What We're Reading: Top State Stories 8/23
IL: Illinois teachers will get pay hike under new law
The minimum annual salary for public school teachers in Illinois will be raised to $40,000 by the 2023-24 school year under a measure Democratic Gov. J.B. Pritzker signed into law that is aimed at making a dent in a statewide teacher shortage. He estimated it will lead to raises for about 8,000 teaching positions.
MA: Massachusetts hospital reports data breach
Massachusetts General Hospital said a data breach in its neurology department has exposed the private information of nearly 10,000 people. The breach, which occurred in June, exposed data about participants in certain research programs, including their names, dates of birth and medical histories.
FL: New petition to legalize recreational pot in Florida goes public
A new effort to legalize recreational pot in Florida is underway. This time, it’s being backed by the medical marijuana industry. The amendment would allow adults 21 or older to have, use, purchase and transport up to 2.5 ounces of marijuana and paraphernalia.
MO: Missouri lawmakers signal plan to take on spread of illegal slot machines
After years of inaction by Missouri lawmakers, the push may be on to take aim at the tens of thousands of illegal slot machines popping up in gas stations, taverns and convenience stores across the state. The chairman of a special House committee said he believes Missourians want to unplug the illegal terminals.
UT: Utah Wildlife Board hikes cougar hunting for 4th year
The Utah Wildlife Board has boosted cougar hunting quotas for the fourth year in a row, voting to hike permits for the upcoming season to 690, representing one quarter of the state’s lion population. Critics say that level of hunting pressure is not sustainable.
CT: Connecticut cutting funding to nursing homes with high vacancy rates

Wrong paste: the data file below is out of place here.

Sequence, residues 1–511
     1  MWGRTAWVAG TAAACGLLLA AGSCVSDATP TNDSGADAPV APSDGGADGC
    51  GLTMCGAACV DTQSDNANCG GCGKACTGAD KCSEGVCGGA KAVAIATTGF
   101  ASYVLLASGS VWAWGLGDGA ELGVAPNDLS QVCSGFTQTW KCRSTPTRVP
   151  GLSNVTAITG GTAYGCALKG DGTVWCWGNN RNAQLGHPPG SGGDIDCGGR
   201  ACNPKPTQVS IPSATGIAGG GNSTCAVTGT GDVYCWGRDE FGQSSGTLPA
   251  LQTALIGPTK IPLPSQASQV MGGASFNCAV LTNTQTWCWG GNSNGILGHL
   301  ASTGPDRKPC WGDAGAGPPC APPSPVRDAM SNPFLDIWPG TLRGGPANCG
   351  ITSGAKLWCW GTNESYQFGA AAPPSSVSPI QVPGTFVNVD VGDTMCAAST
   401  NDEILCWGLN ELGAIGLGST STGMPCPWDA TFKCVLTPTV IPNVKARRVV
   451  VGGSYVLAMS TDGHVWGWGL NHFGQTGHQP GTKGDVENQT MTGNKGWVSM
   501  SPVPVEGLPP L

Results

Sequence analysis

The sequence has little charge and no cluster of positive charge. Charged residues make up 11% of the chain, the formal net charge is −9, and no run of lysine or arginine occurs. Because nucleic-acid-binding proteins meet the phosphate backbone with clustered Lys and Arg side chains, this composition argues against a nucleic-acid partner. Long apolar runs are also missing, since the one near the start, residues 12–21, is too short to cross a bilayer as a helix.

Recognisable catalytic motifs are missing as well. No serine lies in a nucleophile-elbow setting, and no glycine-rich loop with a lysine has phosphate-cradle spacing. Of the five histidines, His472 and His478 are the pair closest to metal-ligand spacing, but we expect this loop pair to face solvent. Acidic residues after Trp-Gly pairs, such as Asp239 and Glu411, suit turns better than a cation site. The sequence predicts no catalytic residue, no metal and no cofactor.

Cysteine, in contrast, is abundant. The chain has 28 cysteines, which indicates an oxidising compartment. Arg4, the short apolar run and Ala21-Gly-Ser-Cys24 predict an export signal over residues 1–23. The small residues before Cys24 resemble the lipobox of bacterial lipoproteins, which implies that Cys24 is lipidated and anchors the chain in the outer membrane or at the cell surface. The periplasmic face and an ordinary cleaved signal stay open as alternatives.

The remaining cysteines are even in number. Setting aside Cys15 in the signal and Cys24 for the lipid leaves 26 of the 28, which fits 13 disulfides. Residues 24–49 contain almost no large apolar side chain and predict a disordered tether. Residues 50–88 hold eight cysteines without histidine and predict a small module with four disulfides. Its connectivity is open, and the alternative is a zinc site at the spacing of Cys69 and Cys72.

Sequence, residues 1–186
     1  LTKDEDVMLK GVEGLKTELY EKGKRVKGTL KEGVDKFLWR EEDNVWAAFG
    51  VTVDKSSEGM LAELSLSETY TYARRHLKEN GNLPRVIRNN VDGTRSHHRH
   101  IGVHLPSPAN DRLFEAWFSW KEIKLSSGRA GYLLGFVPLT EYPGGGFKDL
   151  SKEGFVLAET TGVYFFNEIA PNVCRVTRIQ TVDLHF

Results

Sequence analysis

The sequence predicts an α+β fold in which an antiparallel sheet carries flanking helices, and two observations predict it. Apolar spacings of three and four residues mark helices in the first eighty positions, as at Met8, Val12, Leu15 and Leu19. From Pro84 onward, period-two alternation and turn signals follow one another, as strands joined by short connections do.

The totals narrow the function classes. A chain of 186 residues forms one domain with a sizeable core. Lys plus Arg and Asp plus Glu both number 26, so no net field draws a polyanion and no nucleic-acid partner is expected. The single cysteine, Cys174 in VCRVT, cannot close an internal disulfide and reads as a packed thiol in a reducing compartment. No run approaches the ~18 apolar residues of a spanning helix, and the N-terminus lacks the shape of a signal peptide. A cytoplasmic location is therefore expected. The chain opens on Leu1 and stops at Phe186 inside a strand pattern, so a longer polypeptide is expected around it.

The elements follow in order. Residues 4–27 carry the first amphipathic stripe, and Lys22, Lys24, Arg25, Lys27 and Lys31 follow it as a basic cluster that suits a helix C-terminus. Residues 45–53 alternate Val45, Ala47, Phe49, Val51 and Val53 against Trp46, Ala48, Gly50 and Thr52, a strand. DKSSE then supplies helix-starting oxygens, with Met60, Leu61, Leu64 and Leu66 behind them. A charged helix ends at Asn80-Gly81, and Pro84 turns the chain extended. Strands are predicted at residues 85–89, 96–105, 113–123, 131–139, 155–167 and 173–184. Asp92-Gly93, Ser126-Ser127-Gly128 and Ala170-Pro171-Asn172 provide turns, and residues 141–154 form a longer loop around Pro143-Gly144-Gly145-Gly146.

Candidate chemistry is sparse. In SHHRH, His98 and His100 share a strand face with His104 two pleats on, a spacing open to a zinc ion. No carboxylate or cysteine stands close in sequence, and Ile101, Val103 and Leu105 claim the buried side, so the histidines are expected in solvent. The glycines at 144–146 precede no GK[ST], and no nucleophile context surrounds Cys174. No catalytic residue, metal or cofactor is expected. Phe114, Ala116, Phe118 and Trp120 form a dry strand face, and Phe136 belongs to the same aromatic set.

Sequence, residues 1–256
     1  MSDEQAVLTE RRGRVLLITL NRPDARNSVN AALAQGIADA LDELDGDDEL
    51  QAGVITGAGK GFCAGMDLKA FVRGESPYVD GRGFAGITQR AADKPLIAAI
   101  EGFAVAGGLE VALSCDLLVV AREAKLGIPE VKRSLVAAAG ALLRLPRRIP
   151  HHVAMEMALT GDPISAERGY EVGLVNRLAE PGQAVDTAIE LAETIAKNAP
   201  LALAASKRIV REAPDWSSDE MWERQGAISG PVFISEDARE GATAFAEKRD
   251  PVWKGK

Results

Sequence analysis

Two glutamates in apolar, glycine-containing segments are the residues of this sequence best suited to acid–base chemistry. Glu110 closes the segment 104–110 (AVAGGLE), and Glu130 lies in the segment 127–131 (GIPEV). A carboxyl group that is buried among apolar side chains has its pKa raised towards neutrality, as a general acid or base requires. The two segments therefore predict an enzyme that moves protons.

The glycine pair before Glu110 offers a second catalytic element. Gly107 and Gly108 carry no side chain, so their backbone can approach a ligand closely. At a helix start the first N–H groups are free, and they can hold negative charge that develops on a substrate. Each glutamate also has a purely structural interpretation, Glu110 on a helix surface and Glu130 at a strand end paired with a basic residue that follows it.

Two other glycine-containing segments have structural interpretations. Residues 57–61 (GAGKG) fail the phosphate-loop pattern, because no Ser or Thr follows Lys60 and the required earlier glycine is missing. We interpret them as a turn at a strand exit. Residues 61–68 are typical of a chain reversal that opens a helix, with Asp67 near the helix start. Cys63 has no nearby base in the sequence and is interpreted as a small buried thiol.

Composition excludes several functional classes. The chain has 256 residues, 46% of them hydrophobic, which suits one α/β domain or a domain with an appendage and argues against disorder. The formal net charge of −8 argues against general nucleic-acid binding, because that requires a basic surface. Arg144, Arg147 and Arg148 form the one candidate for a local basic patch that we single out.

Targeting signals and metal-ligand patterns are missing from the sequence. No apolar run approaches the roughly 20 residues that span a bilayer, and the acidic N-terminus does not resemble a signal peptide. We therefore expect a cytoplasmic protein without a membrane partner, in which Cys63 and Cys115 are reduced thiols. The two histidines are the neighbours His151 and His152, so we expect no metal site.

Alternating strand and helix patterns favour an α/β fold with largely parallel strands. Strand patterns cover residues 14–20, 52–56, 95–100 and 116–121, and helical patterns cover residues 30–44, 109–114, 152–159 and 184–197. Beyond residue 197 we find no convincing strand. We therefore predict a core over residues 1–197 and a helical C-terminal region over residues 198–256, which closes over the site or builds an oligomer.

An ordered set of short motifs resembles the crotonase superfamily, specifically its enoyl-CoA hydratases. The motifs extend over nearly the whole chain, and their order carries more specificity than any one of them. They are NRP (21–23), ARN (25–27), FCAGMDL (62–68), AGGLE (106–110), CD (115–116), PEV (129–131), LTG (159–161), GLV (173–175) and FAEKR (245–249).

Connecticut has targeted nine under-performing nursing homes with large numbers of empty beds for millions of dollars in Medicaid cuts, but the operators, the union, and some lawmakers in the affected areas are pushing back hard, saying the homes should be given a chance to raise occupancy rates.
TX: New Texas law aims to better inform homebuyers of flood risks
Previously, sellers in Texas were only required to disclose whether their home was in a 100-year floodplain. The new law, which goes into effect Sept. 1, expands that disclosure to include whether the home is in a 500-year floodplain, a flood pool, near a reservoir, or has flooded or may flood in a catastrophic event.
NV: Drug companies could be fined by Nevada authorities
The Nevada Department of Health and Human Services is threatening to levy roughly $20 million in fines on more than two dozen drug manufacturers that have yet to submit cost and profit reports to the state as required by a 2017 law aimed at better understanding the rising costs of treating diabetes.
CA: California pot taxes miss projections
California pulled in $74 million in cannabis excise taxes between April and June, after state officials sharply scaled back tax dollar projections. Government analysts once projected the state would be flooded with tax money — $1 billion annually within a few years of launching the world’s largest legal pot market.
U.S.: Money crunch after Planned Parenthood quits federal program
Planned Parenthood clinics in several states are charging new fees, tapping financial reserves, intensifying fundraising and warning of more unintended pregnancies after its decision to quit a $260 million federal family planning program in an abortion dispute with the Trump administration.
WI: Wisconsin won't get back any of $3.7M in legal bills in gerrymandering case
Democrats who lost a lawsuit over Republican-friendly election maps won't have to help cover Wisconsin's legal bills, a panel of three federal judges ruled. Drawing the maps and defending them in court have cost Wisconsin taxpayers more than $3.7 million since 2011, according to legal bills.
MD: Maryland drug price board has members, but no money to do its work
Maryland officials named members of a new board that’s supposed to investigate high drug prices, but Republican Gov. Larry Hogan has not released the money that’s needed to get the board up and running.
ND: North Dakota court upholds dismissal of pipeline security case
The North Dakota Supreme Court dealt a blow to a state board seeking to prevent a Dakota Access Pipeline security firm from operating in the state without a license, but the legal fight may not be over.